Human glioma stem-like cells designated U87 GSLCs express increased levels of the mRNAs and proteins of the stem cell markers ALDH1 and CD133, decreased levels of the astrocyte differentiation marker glial fibrillary acidic protein (GFAP) (Pang et al. 2017) and cell cycle protein cyclin D1, compared with the parental cells U87 (Table 1) (Zhang et al. 2015). ALDH1 is a marker of normal and malignant human mammary stem cells (Ginestier et al. 2007), and GFAP is an intermediate filament protein that is expressed by numerous cell types of the central nervous system, but may represent an autoantigen candidate for type 1 diabetes mellitus (Pang et al. 2017). These results indicate that U87 GSLCs comprise neural stem cells with drug-resistant properties (Zhang et al. 2015).

EGCG inhibits the expression of mRNAs and proteins that serve as stemness markers of human CSCs

EGCG and green tea extract inhibit the growth of human cancer cell lines in culture and in rodents (Suganuma et al. 1998; Fujiki et al. 2002, 2012). Therefore, we next studied whether EGCG possesses anticancer activity against drug-resistant human CSCs. The results of studies on 20 human CSCs collected from nine different cancer tissues reveal that EGCG inhibits the expression of mRNAs and proteins that serve as stemness markers, such as Oct4 and Nanog, whereas the expression of a few markers such as Bax and caspase 8 is increased, indicating that EGCG exerts inhibitory effects on human CSCs (Table 2).
Table 2

EGCG decreases or increases the expression of stemness marker mRNAs and proteins by human CSCs

Cancers and names of CSCs

Inhibited expression of stemness markers (mRNAs and proteins)


Breast CSCs

 SUM-149 & SUM-190


Mineva et al. (2013)


mRNAs: FN1, CDHI, vimentin

 MDA-MB-231 & MDA-MB-436

Proteins: ER-α36, EGFR, p-ERK1/2, p-AKT

Pan et al. (2016)

Lung CSCs


 A549 & H1299

mRNAs: CD133, CD44, ALDH1A1, Nanog, Oct4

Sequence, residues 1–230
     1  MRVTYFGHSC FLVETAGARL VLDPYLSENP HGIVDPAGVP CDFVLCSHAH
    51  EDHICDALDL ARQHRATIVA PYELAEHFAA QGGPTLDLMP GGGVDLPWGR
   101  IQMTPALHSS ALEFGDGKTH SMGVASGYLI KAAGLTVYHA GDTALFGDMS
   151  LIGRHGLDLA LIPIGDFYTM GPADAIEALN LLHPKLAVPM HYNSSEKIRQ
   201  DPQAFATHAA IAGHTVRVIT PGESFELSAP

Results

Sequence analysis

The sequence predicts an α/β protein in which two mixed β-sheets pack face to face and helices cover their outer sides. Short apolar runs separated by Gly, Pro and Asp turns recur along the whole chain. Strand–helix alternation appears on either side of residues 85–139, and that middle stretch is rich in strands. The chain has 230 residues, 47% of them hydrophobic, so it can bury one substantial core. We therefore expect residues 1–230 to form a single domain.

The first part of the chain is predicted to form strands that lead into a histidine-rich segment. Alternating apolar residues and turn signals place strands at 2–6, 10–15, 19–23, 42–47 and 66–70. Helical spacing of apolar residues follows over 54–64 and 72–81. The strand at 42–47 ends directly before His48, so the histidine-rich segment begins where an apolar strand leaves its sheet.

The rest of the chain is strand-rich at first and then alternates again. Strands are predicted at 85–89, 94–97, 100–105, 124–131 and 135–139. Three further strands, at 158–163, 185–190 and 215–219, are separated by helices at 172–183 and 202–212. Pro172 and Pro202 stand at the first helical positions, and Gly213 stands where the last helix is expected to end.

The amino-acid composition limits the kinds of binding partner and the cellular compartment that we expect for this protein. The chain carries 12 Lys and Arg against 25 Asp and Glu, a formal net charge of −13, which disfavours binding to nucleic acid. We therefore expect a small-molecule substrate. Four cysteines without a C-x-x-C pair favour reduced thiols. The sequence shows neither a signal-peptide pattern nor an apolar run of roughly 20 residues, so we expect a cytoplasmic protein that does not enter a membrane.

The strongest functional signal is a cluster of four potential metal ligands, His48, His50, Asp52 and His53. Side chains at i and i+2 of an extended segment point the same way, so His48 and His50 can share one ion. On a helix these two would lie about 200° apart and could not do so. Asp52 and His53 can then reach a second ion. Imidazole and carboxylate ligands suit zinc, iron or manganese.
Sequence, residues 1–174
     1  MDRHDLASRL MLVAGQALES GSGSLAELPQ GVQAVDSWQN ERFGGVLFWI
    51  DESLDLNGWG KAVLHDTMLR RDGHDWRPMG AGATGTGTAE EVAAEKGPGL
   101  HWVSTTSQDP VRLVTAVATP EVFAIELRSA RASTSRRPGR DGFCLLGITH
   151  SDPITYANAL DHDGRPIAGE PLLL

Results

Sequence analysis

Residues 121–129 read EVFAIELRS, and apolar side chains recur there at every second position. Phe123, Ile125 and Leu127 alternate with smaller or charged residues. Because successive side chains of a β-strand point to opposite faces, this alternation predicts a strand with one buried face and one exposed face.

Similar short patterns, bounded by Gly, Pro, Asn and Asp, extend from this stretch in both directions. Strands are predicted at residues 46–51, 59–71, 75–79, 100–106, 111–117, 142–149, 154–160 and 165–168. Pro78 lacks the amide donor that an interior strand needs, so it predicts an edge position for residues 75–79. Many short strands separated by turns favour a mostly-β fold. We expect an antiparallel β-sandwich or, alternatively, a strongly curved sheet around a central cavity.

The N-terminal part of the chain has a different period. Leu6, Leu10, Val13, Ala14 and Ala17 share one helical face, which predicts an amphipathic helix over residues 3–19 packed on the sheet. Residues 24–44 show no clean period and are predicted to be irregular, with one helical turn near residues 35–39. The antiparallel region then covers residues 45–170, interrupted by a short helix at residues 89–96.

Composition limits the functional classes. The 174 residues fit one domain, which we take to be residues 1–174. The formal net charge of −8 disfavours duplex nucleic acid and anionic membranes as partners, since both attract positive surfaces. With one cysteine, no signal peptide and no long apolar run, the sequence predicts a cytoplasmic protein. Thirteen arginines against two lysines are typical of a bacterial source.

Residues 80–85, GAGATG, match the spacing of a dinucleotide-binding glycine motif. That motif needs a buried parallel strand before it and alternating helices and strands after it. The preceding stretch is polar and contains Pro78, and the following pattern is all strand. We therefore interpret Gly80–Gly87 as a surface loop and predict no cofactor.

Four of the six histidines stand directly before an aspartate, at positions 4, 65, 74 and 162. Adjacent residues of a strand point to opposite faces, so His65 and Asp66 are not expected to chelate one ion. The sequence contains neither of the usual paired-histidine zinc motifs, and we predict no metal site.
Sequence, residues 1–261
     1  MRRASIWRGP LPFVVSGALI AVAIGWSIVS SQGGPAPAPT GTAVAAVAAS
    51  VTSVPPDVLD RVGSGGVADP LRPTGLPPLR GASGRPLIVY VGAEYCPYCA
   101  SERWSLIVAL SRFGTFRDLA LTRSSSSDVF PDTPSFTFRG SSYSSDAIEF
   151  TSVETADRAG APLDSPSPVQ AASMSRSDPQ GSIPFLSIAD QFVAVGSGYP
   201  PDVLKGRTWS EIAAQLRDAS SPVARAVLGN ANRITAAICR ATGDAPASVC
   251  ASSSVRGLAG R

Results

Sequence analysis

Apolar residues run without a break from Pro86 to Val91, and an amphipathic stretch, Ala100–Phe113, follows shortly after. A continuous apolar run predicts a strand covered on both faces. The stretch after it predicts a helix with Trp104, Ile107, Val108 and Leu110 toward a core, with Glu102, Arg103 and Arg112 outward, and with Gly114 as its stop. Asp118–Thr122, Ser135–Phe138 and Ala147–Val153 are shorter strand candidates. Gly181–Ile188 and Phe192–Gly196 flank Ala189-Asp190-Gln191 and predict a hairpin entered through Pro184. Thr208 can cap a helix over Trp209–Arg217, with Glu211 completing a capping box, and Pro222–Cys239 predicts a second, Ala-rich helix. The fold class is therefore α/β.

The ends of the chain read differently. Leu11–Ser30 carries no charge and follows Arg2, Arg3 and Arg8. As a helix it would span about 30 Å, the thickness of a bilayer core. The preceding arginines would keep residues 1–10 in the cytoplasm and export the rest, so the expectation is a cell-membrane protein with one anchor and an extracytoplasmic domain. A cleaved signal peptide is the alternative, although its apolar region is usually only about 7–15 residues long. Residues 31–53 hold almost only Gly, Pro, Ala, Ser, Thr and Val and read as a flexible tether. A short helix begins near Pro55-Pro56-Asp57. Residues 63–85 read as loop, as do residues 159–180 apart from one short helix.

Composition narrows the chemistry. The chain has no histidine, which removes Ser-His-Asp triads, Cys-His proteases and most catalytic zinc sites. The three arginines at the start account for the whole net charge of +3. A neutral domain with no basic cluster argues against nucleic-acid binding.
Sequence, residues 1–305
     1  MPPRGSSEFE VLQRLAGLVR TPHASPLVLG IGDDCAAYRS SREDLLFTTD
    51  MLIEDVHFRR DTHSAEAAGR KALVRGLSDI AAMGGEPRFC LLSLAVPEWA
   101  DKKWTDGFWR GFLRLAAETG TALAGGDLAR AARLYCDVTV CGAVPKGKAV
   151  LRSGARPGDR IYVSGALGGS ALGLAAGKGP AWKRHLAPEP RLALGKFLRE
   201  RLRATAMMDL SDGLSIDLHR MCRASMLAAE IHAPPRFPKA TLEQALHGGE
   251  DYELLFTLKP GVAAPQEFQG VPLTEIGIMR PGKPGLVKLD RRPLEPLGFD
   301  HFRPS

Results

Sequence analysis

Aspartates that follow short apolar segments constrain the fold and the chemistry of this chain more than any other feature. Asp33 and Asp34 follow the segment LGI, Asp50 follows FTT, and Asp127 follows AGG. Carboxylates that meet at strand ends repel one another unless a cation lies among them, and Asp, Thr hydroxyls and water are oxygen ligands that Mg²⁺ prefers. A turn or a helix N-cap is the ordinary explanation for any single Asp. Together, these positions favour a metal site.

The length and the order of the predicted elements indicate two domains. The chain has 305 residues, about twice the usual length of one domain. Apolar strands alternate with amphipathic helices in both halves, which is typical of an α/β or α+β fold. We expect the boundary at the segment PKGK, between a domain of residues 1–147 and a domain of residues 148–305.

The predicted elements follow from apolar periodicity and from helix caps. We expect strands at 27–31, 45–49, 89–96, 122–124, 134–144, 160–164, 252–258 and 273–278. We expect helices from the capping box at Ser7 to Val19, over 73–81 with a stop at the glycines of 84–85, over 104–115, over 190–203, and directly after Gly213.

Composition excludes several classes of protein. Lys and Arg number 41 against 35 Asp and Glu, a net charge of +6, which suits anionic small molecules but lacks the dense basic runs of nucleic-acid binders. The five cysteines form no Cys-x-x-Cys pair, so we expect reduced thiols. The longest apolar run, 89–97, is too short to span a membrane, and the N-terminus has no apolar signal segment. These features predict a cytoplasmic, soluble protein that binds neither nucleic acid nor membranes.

Zhu et al. (2017)


Proteins: CD133, CD44, ALDH1A1, Nanog, Oct4, PCNA, cyclin D1, Bcl2, p-GSK3β, β-catenin, c-Myc


Increased Bax, caspase 8, cleaved caspase-3 and -9


Prostate CSCs


 PC-3 & LNCaP

Proteins: XIAP, Bcl2, survivin, vimentin, Slug, Snail, β-catenin

Tang et al. (2010)

Colorectal CSCs


 HCT116-5FUR & SW480-5FUR

mRNAs: Oct4, Nanog

Toden et al. (2016)

Proteins: Notch 1, cleaved-Notch 1, c-Myc, Bmi-1, Suz12, Ezh2


mRNAs: CD133, Nanog, ABCC1, ABCG2

Wubetu et al. (2016)

Proteins: Nek2, p-Akt

Liver CSCs



mRNAs: CD133, Nanog, ABCC1, ABCG2,

Wubetu et al. (2016)


Proteins: Nek2, p-Akt

Pancreatic CSCs


 Pancreatic CSCs

mRNAs: Nanog, c-Myc, Oct4, Bcl2, survivin, XIAP, SMO, PTCH1, PTCH2, Gli1, Gli2, Snail, ZEB1, Slug

Tang et al. (2012)

 MIA-PaCa2 & BxPc-3

mRNA: K-ras (by green tea extract)

Appari et al. (2014)

Head and neck CSCs


 HNSC (K3, K4, K5)

mRNAs: Oct4, Sox2, Nanog, Notch1, Hey1, Hes1 ABCC2, ABCG2

Lee et al. (2013)


Proteins: Oct4, Sox2, Notch1, Hey1, Hes1, ABCC2, ABCG2


Increased involucrin


Nasopharyngeal CSCs


 TW01 & TW06 spheres

mRNAs: Oct4, KLf-4, vimentin, Snail

Increased E-cadherin

Lin et al. (2012)

Glioma CSCs


 U87 GSLCs


Zhang et al. (2015)


Proteins: p-Akt, CD133, ALDH1, Bcl2, P-gp


Increased Bax, c-PARP

Breast CSCs: EGCG (40 μg/ml, 87.3 μM) inhibits the expression of genes that promote growth and contribute to the transformed phenotype and survival of SUM-190 spheres. In SUM-149 and SUM-190 cells, EGCG decreases the levels of mRNAs of the proliferation markers cyclin D1 (CCND1); ras homolog family member C (RHOC); and B-cell lymphoma-extra large (BCL-XL), which is a major antiapoptotic protein of the Bcl2 family, as well as decreasing ATP levels. In contrast, the levels of fibronectin 1 (FN1), E-cadherin (CDHI), and vimentin were decreased only in SUM-149 cells (Table 2). These results indicate that tumorsphere formation was inhibited by EGCG (Mineva et al. 2013).

ALDH-positive SUM-149 cells that are functionally active CSCs were implanted into the inguinal mammary fat pad of female non-obese mice with diabetic/severe-combined immunodeficiency. When palpable tumors were detected, mice were administered a 0.1 ml intraperitoneal injection of 16.5 mg/kg EGCG or control PBS five times weekly for 5 weeks. Tumor weight significantly decreases by 28.6 ± 6.5% in EGCG-treated mice (Mineva et al. 2013). The phenotypes of human estrogen receptor (ER)-negative MDA-MB-231 and MDA-MB-436 cells reflect tumors with a poor prognosis. In ER-negative breast cancer cell lines, ER-α36 is overexpressed and is associated with malignant growth (Zhang et al. 2011). EGCG (10–40 μM) inhibits tumorsphere formation and down-regulates ER-α36 expression by 24 h, which is consistent with down-regulation of the epidermal growth factor receptor (EGFR). We found it interesting that the inhibitory effects of EGCG are weak in ER-α36 knockdown cell lines compared with control cells. However, EGCG inhibits the growth of ER-negative human breast CSCs through down-regulation of ER-α36 expression, indicating that EGCG treatment will predict longer survival of patients with mammary cancers (Pan et al. 2016) (Table 2). The longer survival of patients with green tea was reported by Nakachi et al. (1998), as noted in the Introduction.